Thursday, July 09, 2009

Mustard Recipe

I took stock of my kitchen this morning and realized that I had an abundance of mustards in my fridge. I don't know how we accumulate mustard--there is Dennis' favorite honey mustard, a spicey mustard, the regular French's, a German mustard I bought because I liked the jar, whole grain dijon and regular dijon. Then there is the rustic mustard in a crock produced in France. You can't find it anymore, I first saw it at Dennis' Uncle Lorenzo's house in Quebec.

Mustard is a condiment that I've savored ever since I was a kid. My brother and sisters adored ketchup, but I was a fan of the bright yellow stuff ubequitious at picnics and campfire roasts. It is the flavor of summer to me. I've often felt alone in a world populated by salsa freaks and other red condiment lovers. Until a few Sundays ago at a church potluck where a youngish father of four cut in line in front of me to squeeze a generous portion of French's on his hotdog. He zipped away with a huge grin on his face, as though life could not get better than this. And I remembered that child-like zeal I for balony on white bread with as much mustard slathered on as it could hold. The sandwich was a vehicle for the mustard, not the usual other way around.

Nowadays, I am more temperate in my affection for mustard. I downplay my preference but it is always there in just about every meal I prepare. These days, it seems I have a garlic-dijon-tarragon flavor combination fixation. I found packages of fresh Tarragon, regularly priced at $2.29 on sale for $.29 each. I grabbed up the last four on the shelf, Dennis thought I was crazy. He hasn't noticed yet the tarragon/mustard/garlic profile showing up in all my salads I've made since then--potato salad, ham and pea salad, marinated four bean salad, and the salad I made up to take to the Fourth of July barbeque at Joanne and John's house.

Today I have a new one--a brown rice salad with lentils. Usually I don't like rice or brown rice for that matter. Salads made of them tend towards blandness and dryness that I find repelling. But this one worked. I used a lot of vegetables I had on hand that needed to be used before they went bad.

Brown Rice Salad

In a rice cooker, cook two cups raw brown rice with enough water to cover by a half inch and a table spoon of Better than Bouillion vegetable bouillion. After it has cooked, transfer to a large bowl, fluff with a fork and let it cool. Add one drained can of Westbrae's organic lentils and fluff together. Add one cup of each: chopped red pepper, chopped yellow pepper, chopped tomato, chopped mushrooms, chopped yellow onion (soaked in water and salt to remove bitterness and drained) and one can of drained artichoke hearts in water, chopped.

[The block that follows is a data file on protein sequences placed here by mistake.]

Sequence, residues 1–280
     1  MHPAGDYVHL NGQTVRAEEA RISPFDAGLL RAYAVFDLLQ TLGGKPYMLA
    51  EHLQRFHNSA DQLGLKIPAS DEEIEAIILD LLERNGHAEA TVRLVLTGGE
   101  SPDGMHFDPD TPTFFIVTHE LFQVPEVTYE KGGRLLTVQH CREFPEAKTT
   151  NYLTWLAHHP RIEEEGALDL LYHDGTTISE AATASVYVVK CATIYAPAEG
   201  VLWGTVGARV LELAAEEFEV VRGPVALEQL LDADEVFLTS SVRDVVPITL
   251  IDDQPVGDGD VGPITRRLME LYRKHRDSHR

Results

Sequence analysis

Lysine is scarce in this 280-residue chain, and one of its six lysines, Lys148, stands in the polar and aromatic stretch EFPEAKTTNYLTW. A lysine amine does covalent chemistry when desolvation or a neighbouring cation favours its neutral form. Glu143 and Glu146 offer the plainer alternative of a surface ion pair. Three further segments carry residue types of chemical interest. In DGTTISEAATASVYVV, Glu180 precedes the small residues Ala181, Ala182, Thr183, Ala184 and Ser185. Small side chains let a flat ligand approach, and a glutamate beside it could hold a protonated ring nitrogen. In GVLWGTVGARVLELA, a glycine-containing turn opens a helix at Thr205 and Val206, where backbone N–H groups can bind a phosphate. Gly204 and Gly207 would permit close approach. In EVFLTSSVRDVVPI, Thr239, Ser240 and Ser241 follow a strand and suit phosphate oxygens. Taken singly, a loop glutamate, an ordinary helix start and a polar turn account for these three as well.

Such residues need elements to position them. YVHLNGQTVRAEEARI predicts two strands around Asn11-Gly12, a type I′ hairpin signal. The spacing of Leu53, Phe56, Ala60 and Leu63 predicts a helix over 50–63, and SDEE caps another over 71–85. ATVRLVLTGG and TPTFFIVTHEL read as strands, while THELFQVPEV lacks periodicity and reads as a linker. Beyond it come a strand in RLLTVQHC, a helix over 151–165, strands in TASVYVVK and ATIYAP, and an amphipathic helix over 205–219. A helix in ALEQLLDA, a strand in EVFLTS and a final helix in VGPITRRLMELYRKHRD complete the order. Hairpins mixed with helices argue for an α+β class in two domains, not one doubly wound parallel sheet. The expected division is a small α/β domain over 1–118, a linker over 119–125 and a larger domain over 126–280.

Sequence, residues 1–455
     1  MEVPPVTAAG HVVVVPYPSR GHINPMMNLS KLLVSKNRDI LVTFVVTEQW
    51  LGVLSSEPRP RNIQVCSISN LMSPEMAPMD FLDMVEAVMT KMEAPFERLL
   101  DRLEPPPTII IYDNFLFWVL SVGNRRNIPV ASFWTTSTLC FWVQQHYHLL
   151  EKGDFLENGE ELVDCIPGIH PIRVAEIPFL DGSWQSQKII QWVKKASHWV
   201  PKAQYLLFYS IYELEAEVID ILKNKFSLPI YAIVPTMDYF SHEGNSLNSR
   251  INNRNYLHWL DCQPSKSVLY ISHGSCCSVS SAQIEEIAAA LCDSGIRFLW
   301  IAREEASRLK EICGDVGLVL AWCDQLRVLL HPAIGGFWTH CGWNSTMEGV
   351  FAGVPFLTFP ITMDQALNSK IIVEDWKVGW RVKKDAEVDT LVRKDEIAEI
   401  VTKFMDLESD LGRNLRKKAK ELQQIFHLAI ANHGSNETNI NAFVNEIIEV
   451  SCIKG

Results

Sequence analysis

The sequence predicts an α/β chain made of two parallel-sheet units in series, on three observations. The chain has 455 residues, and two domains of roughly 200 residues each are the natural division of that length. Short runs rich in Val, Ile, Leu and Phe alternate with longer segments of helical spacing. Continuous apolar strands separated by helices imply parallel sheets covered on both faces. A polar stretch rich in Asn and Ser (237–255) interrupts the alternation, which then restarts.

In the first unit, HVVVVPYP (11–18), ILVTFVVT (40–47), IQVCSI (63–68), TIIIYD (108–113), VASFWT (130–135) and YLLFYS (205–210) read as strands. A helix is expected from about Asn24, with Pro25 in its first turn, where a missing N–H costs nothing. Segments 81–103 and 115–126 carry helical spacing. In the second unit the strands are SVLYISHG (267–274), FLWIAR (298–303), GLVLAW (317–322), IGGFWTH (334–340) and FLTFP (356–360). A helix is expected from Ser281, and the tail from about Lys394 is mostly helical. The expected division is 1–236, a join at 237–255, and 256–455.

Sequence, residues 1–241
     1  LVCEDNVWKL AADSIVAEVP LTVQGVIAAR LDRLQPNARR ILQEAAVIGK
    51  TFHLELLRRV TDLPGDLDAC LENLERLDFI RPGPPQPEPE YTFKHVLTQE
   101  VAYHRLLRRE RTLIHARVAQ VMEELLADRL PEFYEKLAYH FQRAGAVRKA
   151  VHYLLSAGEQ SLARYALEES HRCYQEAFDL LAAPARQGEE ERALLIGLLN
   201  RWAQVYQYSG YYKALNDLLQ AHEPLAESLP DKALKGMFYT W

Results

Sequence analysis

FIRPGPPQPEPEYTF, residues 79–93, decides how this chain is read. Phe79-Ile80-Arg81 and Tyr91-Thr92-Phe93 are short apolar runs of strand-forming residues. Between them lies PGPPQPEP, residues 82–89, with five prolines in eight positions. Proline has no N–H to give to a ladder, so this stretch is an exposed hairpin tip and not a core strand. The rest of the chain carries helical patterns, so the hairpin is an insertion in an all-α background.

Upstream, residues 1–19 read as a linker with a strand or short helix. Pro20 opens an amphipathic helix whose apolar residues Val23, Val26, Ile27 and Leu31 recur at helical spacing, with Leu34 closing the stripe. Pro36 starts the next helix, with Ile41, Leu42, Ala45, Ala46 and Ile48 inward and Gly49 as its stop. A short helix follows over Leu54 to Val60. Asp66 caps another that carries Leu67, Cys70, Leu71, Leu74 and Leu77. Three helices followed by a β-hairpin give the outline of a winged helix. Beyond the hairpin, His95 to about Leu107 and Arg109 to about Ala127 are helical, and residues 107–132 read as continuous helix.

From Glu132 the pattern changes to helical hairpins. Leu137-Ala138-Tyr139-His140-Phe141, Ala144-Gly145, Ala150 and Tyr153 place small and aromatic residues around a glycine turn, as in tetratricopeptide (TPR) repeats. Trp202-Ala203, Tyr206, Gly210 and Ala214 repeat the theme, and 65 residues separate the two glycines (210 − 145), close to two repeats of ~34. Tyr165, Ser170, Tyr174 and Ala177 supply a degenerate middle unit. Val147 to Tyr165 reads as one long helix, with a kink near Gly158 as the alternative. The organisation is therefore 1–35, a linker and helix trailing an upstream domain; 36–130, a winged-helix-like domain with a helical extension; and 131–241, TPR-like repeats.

Make the vinegerette as follows: In a small bowl whisk together juice of three limes, four pressed garlic cloves, an eighth of a cup of dijon mustard, four tablespoons extra-virgin olive oil, two tablespoons Heinz tarragon vinegar, three tablespoons minced fresh tarragon and salt and pepper to taste.

Pour vinegerette over rice mixture in the bowl and mix well.

Monday, July 06, 2009

Emotional Labors


My friend, Shauna, sent me an article about "Emotional Labor" after reading this last week. My pastor, Kevin DeYoung, featured various people from our church every week to highlight their jobs and how they've dealt with economy downturn in Michigan. My turn came up last week and I shared about serving coffee to grumpy customers.

Serving (and making) coffee (and lattes, mochas, cappuccinos and frappuccinos) is the physical part of my job which in itself is challenging, especially when I am making and/or handing out several at the same time. Mentally, there is a lot, too when you factor memorizing customers and their drinks and the qualities of each kind of coffee bean we sell. I'm good at both these things, like all my co-workers are.

But the part of the job that is very difficult is the emotional dimension. There is the feeling you really have versus the feeling you are supposed to have in order to make a customer happy.
Maintaining integrity and honesty while serving hard-to- please people is a delicate balance to acheive. And my particular company attracts picky people who are very specific about what they drink. Everyone struggles with it-- even after ten years, I still do.

These days, when someone is extremely rude, I won't hide my taken aback or offended reaction. I may not say anything other than "excuse me?" in an assertive tone. Rudeness answered by more rudeness is not the way to go but I don't believe that it is my job or anyone else's to take abuse. But it is amazing what kind of treatment my co-workers recieve. My old manager was called stupid, a supervisor had a lid thrown at her and a fellow barista was yelled at for simply helping a customer order his drink easier. And I had been yelled at by someone who didn't understand that it was possible for me to prepare his drink while chatting with another customer and another partner at the same time.